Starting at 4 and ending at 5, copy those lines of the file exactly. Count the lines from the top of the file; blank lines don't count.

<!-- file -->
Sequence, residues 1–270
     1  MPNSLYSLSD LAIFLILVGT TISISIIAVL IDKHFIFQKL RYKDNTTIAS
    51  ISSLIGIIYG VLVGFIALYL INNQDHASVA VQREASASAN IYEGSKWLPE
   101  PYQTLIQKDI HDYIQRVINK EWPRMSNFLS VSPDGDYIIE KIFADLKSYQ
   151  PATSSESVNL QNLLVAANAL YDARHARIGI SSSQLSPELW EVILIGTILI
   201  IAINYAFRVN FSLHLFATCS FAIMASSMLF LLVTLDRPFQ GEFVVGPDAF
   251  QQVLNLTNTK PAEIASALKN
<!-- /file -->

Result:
   101  PYQTLIQKDI HDYIQRVINK EWPRMSNFLS VSPDGDYIIE KIFADLKSYQ
   151  PATSSESVNL QNLLVAANAL YDARHARIGI SSSQLSPELW EVILIGTILI